This February, a new recreational marijuana law is planned to go into effect in Maine. Supporters of the legislation claim the law leaves employer protections in place allowing them to continue policies that help create and maintain a drug-free workplace.
Not so fast. According to a recent article published in the Portland Press Herald, Maine’s Department of Labor (DOL) says the majority of employers in the state won’t be able to terminate an employee who tests positive for marijuana unless they can prove the worker was impaired on the job.
If this stands as policy, this will present a challenge for employers. Consider an employee who tests positive for recreational use of marijuana, which is legal in the state. The company later fires the worker for poor job performance. In turn, the individual sues the employer, claiming the firing resulted from the drug test versus work-related issues.
Alarm bells may be setting off in human resource departments throughout the state, pushing them to review their progressive discipline policies. Likewise, applicants who test positive for the drug can’t be rejected since they may be using the drug for medical reasons.
Approximately 800 of the state’s 46,000 employers implemented a state-approved drug-testing program, states the article. Last year, 4.8 percent of job applicants and employees failed drug tests. The national average is 4.2 percent. Of those who failed, 91 percent tested positive for cannabinoids, which is the active ingredient in marijuana.
This type of legislation has many twists and turns. Employers can reject candidates who apply for jobs with high safety standards, such as forklift drivers, that fail drug tests. But if someone gets laid off from such a job and collects unemployment, “. . . they shouldn’t be allowed to use cannabis while out on unemployment because it means they’re unlikely to get another job,” states Julie Rabinowitz, the DOL’s director of policy, operations and communications. ‘That would qualify as a refusal to work, which is unemployment fraud.”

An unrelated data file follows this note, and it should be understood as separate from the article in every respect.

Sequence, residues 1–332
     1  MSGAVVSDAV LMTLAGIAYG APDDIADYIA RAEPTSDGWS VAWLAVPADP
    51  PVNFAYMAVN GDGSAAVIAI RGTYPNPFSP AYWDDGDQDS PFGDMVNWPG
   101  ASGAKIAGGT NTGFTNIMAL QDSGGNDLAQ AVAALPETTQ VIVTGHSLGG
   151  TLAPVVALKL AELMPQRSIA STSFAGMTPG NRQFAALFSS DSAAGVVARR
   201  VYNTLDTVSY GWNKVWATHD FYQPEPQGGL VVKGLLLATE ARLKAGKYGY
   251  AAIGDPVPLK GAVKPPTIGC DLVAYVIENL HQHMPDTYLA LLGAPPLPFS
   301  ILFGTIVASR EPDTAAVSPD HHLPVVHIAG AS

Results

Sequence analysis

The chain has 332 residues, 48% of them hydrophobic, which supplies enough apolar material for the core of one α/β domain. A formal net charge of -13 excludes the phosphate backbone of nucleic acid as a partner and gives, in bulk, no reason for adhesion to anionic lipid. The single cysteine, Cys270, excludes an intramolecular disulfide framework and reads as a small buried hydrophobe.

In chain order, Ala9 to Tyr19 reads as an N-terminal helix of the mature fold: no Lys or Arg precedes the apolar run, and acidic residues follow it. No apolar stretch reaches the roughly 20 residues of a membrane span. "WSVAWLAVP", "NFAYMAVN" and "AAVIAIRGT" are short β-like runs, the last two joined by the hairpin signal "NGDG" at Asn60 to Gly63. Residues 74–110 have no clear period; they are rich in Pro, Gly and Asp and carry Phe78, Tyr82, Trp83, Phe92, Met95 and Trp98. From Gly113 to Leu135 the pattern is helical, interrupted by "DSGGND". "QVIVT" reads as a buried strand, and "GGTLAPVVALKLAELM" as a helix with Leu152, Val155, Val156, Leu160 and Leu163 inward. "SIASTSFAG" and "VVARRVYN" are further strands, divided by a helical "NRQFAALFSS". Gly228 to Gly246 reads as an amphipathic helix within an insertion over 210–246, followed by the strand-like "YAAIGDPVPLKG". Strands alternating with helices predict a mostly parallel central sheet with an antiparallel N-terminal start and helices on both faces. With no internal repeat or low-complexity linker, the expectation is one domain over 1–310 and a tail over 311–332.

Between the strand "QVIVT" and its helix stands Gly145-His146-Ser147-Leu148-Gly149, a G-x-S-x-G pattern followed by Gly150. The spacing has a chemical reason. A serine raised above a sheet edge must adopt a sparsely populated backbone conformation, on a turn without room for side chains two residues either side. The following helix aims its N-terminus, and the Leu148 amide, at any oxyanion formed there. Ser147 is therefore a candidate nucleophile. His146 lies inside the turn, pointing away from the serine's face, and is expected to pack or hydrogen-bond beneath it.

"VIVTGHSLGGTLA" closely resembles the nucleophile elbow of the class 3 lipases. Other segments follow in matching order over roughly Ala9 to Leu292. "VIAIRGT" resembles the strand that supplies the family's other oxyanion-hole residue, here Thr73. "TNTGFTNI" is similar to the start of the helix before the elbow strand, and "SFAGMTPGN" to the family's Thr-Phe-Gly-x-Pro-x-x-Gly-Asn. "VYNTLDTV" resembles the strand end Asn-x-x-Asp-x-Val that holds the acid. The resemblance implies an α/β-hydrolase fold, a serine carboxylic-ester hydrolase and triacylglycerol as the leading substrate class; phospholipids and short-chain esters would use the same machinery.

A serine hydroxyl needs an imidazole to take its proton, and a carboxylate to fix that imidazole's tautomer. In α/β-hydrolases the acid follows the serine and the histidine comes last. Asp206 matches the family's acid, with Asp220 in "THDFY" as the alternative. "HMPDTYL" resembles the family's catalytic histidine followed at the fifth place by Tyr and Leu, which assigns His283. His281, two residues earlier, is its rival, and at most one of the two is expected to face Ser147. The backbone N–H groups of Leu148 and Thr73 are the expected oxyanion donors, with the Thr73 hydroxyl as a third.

However, if the employee participates in the state medical marijuana program, they may be eligible for company benefits, which include medical marijuana.
Is your head hurting yet or perhaps spinning? As many lawmakers are discovering, crafting marijuana laws that are fair to employers, keep workers safe and protect worker rights, especially those who use the drug for medicinal purposes, is an evolutionary process.
Back in Maine, the State Supreme Judicial Court is expected to make a decision about a case involving a worker at a paper mill. At issue is if the company or its insurer should pay for marijuana prescribed for the employee who injured his back on the job in 1989.
Apparently, traditional pain medications did not provide relief. One fact that can’t be ignored is when the employee began using medical marijuana in 2012, medical expenditures dropped by 88 percent.
Maine has also delayed retail sales of recreational marijuana until it can set rules and establish a licensing system. But the legislature has already made three changes since the referendum was approved: it prevented sales to people under the age of 21; changed the state agencies monitoring the industry and, established testing standards for recreational marijuana.
What will happen next is anybody’s guess. This is all new territory for workers, employers and legislators. The only certainty is that the boundaries of marijuana laws or policies will be stretched and tested by all sides in the coming years. This is one area you’ll want to keep an eye on.